3 years ago

Relationship between fibrillin-1 genotype and severity of cardiovascular involvement in Marfan syndrome


The effect of FBN1 mutation type on the severity of cardiovascular manifestations in patients with Marfan syndrome (MFS) has been reported with disparity results.


This study aims to determine the impact of the FBN1 mutation type on aortic diameters, aortic dilation rates and on cardiovascular events (ie, aortic dissection and cardiovascular mortality).


MFS patients with a pathogenic FBN1 mutation followed at two specialised units were included. FBN1 mutations were classified as being dominant negative (DN; incorporation of non-mutated and mutated fibrillin-1 in the extracellular matrix) or having haploinsufficiency (HI; only incorporation of non-mutated fibrillin-1, thus a decreased amount of fibrillin-1 protein). Aortic diameters and the aortic dilation rate at the level of the aortic root, ascending aorta, arch, descending thoracic aorta and abdominal aorta by echocardiography and clinical endpoints comprising dissection and death were compared between HI and DN patients.


Two hundred and ninety patients with MFS were included: 113 (39%) with an HI-FBN1 mutation and 177 (61%) with a DN-FBN1. At baseline, patients with HI-FBN1 had a larger aortic root diameter than patients with DN-FBN1 (HI: 39.3±7.2 mm vs DN: 37.3±6.8 mm, p=0.022), with no differences in age or body surface area. After a mean follow-up of 4.9±2.0 years, aortic root and ascending dilation rates were increased in patients with HI-FBN1 (HI: 0.57±0.8 vs DN: 0.28±0.5 mm/year, p=0.004 and HI: 0.59±0.9 vs DN: 0.30±0.7 mm/year, p=0.032, respectively). Furthermore, patients with HI-FBN1 tended to be at increased risk for the combined endpoint of dissection and death compared with patients with DN-FBN1 (HR: 3.3, 95% CI 1.0 to 11.4, p=0.060).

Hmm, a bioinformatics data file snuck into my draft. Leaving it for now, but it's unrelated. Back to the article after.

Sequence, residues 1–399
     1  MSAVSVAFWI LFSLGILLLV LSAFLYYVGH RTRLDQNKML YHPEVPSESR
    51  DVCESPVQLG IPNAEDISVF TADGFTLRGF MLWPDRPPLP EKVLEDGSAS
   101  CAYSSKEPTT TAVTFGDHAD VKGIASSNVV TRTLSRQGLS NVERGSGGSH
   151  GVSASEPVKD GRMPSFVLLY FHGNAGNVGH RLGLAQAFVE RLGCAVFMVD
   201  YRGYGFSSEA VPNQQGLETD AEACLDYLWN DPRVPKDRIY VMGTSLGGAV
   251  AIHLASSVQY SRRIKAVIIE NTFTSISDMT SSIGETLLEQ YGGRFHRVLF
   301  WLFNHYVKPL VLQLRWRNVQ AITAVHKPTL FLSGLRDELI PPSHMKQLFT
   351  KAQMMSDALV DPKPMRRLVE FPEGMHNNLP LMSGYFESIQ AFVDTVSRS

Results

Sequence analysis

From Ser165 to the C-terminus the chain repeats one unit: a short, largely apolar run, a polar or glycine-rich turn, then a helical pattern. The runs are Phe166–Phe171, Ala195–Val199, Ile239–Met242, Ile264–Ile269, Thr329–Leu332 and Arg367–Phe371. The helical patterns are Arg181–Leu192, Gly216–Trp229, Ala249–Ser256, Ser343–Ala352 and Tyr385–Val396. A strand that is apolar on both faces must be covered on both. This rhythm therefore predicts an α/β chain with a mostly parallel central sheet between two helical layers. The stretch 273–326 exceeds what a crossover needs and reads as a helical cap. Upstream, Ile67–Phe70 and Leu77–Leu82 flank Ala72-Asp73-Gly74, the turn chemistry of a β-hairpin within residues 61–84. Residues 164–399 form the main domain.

Patients with an HI mutation had a more severely affected aortic phenotype, with larger aortic root diameters and a more rapid dilation rate, and tended to have an increased risk of death and dissections compared with patients with a DN mutation.

Publisher URL: http://heart.bmj.com/cgi/content/short/103/22/1795

DOI: 10.1136/heartjnl-2016-310631

You might also like
Discover & Discuss Important Research

Keeping up-to-date with research can feel impossible, with papers being published faster than you'll ever be able to read them. That's where Researcher comes in: we're simplifying discovery and making important discussions happen. With over 19,000 sources, including peer-reviewed journals, preprints, blogs, universities, podcasts and Live events across 10 research areas, you'll never miss what's important to you. It's like social media, but better. Oh, and we should mention - it's free.

  • Download from Google Play
  • Download from App Store
  • Download from AppInChina

Researcher displays publicly available abstracts and doesn’t host any full article content. If the content is open access, we will direct clicks from the abstracts to the publisher website and display the PDF copy on our platform. Clicks to view the full text will be directed to the publisher website, where only users with subscriptions or access through their institution are able to view the full article.